... ANS is a fluorescent dye used to study the surface hydrophobicity and conformational changes in protein molecules. It specifically binds to the protein's hydrophobic clusters and shows an increase in fluorescence intensity upon binding to them (Matulis et al., 1999). ...
Article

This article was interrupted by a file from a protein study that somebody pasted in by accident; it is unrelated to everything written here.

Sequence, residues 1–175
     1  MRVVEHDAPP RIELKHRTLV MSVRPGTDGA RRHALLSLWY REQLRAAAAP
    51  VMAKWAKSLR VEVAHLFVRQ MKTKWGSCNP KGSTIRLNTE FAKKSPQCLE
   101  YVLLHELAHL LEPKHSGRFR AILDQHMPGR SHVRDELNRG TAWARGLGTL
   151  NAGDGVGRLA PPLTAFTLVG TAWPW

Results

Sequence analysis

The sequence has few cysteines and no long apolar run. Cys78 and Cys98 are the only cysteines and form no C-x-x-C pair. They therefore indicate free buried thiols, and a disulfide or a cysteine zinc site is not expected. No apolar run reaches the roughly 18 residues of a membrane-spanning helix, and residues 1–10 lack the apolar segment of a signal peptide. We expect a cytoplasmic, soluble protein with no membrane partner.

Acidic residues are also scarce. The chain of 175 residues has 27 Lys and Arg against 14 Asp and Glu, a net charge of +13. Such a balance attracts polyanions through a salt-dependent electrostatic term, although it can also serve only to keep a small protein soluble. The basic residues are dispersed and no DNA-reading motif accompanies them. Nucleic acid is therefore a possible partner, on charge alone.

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Purified soya bean proteins (glycinin and conglycinin) are known to form amyloid‐like aggregates in vitro at a higher temperature. Soya beans (chunks) are textured proteinaceous vegetables made from defatted soya flour by heating it above 100°C and extruding under high pressure. Therefore, it was assumed that subjecting the soya bean proteins to high temperatures raises the possibility of forming amyloids or amyloid‐like protein aggregates. Hence, the present study aimed to examine the presence of amyloid‐like protein aggregates in soya beans. The isolated protein aggregates from hydrated soya beans displayed typical characteristics of amyloids, such as the red shift in the absorption maximum (λmax) of Congo red (CR), high Thioflavin T (ThT), and 8‐Anilinonapthalene‐1‐sulfonate (ANS) binding, and fibrilar morphology. Furthermore, these aggregates were found to be stable against proteolytic hydrolysis, confirming the specific property of amyloids. The presence of amyloid‐like structures in soya beans raises concerns about their implications for human nutrition and health. Practical applications Protein aggregation has usually been considered detrimental. The traditional food‐processing conditions, such as thermal processing, are associated with protein denaturation and aggregation. The formation of ordered protein aggregates with extensive β‐sheet are progressively evident in various protein‐rich foods known as amyloid, which expands food safety concerns. Instead, it is also associated with poor nutritional characteristics. The present study concerns the presence of amyloid‐like protein aggregates in widely consumed native soya beans, which are manufactured by extensive heat treatment of defatted soy flour. Although there is no indication of their toxicity, these aggregates are found to be proteolytically resistant. The seminal findings in this manuscript suggest that it is time to adapt innovative food processing and supplementation of bioactive molecules that can prevent the formation of such protein aggregates and help maximize the utilization of protein‐based nutritional values.